A new approach…

By Vichara

While most of us can identify the fears we have there are certain fears, which we cannot label or reveal. These fears refuse to be revealed because it would confront and destroy the last barrier of knowing completely oneself and our true purpose, which are both connected. By facing this fear of impermanence we will see that it is not a nihilistic but an optimistic way to see each day and act as a catalyst for a new approach to see the world and our place in it.

puissant • \PWISS-unt\ • adj
: of great force or vigor : strong, powerful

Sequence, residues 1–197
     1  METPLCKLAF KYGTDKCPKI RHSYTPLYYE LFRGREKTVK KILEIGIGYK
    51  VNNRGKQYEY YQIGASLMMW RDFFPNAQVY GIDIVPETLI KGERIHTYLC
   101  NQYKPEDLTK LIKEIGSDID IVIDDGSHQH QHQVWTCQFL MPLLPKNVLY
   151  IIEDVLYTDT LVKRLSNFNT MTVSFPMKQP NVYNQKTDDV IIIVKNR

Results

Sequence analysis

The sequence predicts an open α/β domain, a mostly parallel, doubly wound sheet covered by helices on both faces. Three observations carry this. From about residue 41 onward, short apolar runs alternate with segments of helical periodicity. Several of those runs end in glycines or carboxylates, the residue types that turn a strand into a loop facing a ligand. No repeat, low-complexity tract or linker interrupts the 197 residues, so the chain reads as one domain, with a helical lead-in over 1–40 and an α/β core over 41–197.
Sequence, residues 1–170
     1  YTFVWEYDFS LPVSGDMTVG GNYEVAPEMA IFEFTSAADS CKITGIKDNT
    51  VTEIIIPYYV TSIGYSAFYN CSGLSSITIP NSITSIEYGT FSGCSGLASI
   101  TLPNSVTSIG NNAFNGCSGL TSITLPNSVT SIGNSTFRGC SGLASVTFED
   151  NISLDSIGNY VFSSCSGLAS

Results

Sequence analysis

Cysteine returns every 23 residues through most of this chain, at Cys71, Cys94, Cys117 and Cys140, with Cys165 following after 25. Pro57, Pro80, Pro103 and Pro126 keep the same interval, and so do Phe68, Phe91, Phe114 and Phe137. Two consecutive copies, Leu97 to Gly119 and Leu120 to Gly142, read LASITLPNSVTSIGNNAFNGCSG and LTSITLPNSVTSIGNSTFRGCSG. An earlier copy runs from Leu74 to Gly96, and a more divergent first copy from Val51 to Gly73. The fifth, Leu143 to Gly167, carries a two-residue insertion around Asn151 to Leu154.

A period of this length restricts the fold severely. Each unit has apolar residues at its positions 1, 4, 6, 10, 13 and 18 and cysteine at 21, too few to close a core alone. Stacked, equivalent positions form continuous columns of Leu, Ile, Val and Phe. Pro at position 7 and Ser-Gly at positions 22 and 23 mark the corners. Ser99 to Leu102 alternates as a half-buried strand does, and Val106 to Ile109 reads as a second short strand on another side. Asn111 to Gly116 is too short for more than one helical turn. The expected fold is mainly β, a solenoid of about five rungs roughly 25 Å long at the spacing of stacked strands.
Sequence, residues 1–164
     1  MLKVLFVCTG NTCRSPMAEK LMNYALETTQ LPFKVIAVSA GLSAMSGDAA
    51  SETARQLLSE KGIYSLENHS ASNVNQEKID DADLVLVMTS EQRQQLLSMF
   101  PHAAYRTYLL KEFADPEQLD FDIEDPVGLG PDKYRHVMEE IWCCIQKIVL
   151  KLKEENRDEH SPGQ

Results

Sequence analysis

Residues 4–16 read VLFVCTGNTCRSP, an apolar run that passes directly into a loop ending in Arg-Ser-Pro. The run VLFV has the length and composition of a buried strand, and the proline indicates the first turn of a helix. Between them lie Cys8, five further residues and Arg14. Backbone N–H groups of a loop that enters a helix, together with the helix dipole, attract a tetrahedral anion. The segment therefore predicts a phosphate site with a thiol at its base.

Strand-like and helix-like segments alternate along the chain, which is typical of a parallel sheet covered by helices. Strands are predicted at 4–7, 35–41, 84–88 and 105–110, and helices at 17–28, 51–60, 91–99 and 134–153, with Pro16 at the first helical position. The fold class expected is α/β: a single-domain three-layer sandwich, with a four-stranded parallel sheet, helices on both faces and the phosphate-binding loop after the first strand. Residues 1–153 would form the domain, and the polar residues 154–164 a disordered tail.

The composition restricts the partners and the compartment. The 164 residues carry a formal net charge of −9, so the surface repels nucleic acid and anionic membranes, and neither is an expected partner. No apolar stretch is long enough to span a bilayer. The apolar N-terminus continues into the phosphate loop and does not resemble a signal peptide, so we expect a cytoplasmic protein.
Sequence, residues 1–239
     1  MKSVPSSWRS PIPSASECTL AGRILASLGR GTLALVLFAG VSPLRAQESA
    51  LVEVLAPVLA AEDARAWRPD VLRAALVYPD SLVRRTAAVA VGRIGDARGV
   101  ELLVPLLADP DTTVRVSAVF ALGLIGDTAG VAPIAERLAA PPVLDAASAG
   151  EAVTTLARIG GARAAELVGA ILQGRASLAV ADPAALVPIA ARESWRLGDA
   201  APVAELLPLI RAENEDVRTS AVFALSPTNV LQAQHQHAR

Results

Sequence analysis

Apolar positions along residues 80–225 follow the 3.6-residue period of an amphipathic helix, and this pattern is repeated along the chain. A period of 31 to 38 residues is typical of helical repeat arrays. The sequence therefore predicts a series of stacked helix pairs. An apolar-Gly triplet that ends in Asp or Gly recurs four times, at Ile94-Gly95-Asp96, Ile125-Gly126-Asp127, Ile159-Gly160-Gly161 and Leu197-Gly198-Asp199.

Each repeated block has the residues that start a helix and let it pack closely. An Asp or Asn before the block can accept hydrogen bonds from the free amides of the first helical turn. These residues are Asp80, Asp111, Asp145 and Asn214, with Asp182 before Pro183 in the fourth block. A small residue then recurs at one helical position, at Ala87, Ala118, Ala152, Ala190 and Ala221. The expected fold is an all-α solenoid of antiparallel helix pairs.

Example Sentence:
Laurie was aware of the restaurant critic's puissant influence in the industry, so she became quite nervous when she spotted him sitting at a table in her café.

Did you know?
"Puissant" has some powerful ties to some more commonplace English words. Although "puissant" has a considerably fancier feel than "power" and "potent," all three words share the same Latin ancestor: "posse," a verb meaning "to be able." "Power" came to us by way of Anglo-French "poer," which is itself thought to have come from "potēre," a Vulgar Latin alteration of "posse." "Potent" came from "potent-, potens," a present participle of "posse." From "poer" came the adjective "pussant," meaning "able" or "powerful" in Anglo-French, and English speakers borrowed that to form "puissant" in the 15th century

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